The Rule of Thirds
One of the most popular rules in photography is the rule of thirds. It is a technique used to compose photographs. Basically, it is a rule about how to position your subject in the picture. It works like this, imaginary lines are drawn dividing your potential shot into thirds both horizontally and vertical. The result is an imaginary grid, made up of 9 squares (see below).
Using this grid you should place important elements where the lines intersect (see below).
As well as using intersections you can also arrange areas into bands occupying a third or place things on the imaginary line. A good way to place elements is a third of the way up or down the image.
Another is to place your subject a third of the way to the left/right.
A bad way to compose your image is to place things in the middle or in the corner. Using the rule of thirds produces good photographs that are easy on the eye. Below are some good and not so good examples of the rule of thirds.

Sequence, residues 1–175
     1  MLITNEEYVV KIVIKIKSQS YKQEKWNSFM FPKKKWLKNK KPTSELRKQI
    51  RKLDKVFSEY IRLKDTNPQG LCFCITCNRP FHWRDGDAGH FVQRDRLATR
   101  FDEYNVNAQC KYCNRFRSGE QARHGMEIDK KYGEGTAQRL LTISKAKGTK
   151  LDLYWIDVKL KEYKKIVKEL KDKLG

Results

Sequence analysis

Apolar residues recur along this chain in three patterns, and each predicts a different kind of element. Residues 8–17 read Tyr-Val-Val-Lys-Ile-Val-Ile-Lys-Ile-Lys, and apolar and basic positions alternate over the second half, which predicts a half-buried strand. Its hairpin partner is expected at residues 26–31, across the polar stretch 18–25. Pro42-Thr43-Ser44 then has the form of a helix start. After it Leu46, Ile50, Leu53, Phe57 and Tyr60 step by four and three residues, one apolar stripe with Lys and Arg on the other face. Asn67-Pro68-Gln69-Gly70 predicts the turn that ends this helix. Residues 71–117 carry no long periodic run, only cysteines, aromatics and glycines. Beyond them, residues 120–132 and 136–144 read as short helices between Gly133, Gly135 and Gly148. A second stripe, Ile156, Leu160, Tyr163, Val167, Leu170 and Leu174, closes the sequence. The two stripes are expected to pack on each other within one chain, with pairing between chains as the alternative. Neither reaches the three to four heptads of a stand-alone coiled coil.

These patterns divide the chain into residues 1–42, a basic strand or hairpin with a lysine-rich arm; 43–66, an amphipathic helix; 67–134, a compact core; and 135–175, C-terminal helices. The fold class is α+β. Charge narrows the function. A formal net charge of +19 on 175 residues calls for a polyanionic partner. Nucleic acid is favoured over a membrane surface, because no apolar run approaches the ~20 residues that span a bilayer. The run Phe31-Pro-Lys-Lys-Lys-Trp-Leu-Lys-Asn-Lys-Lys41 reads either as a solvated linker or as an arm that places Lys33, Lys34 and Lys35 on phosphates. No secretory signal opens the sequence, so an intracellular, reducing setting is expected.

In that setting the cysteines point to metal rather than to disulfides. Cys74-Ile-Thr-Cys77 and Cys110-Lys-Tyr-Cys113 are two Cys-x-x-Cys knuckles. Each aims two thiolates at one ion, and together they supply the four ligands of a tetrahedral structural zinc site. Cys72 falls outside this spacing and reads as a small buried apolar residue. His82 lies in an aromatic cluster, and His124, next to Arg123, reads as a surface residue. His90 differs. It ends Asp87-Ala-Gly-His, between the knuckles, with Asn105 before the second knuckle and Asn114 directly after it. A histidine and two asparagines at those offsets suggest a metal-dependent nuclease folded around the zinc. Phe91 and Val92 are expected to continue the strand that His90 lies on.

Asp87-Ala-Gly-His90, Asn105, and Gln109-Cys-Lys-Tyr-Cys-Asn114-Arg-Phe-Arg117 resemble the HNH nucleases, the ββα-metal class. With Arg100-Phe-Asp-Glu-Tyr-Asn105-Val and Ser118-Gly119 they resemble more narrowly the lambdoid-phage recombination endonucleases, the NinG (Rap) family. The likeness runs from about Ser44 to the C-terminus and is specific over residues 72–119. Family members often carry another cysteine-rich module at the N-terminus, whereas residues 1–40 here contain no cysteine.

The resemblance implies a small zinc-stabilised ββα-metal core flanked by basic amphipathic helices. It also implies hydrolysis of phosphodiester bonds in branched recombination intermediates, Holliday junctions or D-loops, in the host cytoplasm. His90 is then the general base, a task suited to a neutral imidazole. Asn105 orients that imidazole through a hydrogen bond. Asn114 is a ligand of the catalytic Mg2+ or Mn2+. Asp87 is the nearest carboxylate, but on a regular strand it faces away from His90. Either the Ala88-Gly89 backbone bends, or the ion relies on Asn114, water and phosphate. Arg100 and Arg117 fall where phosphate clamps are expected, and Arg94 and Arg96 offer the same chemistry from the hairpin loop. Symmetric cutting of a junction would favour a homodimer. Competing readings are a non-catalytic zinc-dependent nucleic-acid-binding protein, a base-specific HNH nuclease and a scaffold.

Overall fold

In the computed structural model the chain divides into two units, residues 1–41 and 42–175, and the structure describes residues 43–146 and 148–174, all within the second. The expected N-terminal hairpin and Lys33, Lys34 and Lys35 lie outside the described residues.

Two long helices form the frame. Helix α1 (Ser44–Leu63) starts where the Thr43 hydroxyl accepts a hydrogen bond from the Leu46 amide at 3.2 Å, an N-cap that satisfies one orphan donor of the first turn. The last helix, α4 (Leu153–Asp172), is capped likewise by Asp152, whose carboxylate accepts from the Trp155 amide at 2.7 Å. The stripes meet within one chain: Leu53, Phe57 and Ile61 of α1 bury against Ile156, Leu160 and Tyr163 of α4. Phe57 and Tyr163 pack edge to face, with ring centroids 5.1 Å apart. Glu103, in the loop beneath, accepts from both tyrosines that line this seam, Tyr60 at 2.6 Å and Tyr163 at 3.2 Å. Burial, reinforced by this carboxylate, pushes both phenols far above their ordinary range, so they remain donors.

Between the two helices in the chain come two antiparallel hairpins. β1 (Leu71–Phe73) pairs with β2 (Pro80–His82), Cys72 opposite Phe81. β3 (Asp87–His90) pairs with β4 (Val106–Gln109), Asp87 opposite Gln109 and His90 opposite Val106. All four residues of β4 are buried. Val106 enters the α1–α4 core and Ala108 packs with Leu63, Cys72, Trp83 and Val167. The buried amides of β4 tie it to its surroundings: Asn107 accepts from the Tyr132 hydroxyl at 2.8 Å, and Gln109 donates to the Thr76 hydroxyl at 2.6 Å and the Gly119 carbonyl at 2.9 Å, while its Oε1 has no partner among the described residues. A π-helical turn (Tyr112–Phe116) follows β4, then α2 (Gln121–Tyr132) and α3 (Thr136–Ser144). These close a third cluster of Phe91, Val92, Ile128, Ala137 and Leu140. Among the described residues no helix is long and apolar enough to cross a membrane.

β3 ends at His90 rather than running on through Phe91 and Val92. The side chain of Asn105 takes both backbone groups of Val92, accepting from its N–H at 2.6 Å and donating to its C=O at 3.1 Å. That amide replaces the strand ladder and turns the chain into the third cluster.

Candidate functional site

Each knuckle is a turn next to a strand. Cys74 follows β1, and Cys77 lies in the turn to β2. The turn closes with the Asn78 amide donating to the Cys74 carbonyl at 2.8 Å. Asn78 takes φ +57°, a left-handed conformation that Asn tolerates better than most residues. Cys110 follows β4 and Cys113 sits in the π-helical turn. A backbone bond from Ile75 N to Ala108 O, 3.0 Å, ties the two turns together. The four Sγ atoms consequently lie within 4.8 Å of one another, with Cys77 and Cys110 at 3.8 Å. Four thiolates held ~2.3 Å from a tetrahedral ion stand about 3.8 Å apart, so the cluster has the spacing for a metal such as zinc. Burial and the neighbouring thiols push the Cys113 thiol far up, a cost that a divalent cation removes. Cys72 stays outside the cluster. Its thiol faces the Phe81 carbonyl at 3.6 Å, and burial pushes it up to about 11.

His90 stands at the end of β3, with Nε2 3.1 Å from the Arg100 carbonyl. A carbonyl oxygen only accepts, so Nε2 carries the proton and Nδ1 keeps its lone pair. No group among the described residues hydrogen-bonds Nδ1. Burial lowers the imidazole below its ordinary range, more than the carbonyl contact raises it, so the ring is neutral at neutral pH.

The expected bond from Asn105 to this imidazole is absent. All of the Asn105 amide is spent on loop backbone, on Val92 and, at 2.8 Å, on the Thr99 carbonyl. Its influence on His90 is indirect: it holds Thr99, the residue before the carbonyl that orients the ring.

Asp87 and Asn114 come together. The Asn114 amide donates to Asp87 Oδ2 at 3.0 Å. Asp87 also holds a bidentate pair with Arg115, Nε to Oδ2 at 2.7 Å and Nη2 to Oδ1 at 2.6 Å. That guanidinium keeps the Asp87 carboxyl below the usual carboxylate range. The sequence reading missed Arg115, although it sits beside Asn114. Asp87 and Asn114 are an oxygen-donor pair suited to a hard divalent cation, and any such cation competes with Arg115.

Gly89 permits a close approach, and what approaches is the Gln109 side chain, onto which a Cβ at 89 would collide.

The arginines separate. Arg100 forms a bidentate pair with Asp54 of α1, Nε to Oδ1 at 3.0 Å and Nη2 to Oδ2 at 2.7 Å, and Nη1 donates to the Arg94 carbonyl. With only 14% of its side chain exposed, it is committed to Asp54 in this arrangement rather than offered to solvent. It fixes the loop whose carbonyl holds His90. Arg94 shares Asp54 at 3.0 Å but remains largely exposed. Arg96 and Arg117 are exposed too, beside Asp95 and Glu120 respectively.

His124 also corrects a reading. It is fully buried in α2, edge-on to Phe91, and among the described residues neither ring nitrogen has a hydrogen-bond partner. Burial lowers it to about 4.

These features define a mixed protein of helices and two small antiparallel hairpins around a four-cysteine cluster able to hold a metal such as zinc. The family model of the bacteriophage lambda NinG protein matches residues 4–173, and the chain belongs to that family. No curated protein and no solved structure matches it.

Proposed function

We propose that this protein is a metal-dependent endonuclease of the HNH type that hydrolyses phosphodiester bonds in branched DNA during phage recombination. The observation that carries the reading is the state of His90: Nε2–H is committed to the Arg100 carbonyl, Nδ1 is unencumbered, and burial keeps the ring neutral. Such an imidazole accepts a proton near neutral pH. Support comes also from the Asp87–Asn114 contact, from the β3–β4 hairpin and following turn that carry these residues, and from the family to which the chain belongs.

The image of the tug below looks ok. However, it could be improved.
The image below shows the use of the rule of thirds. Notice how it creates the illusion of movement, the tug moving left.
The image below clearly shows the use of the rule of thirds. The tug has been located where two lines transect. Also, the river is show in the lower third of the image.
The Rule of Thirds by Photospot - Contains good examples illustrating the rule of thirds
Rule of thirds by Photo96 - Again contains some excellent examples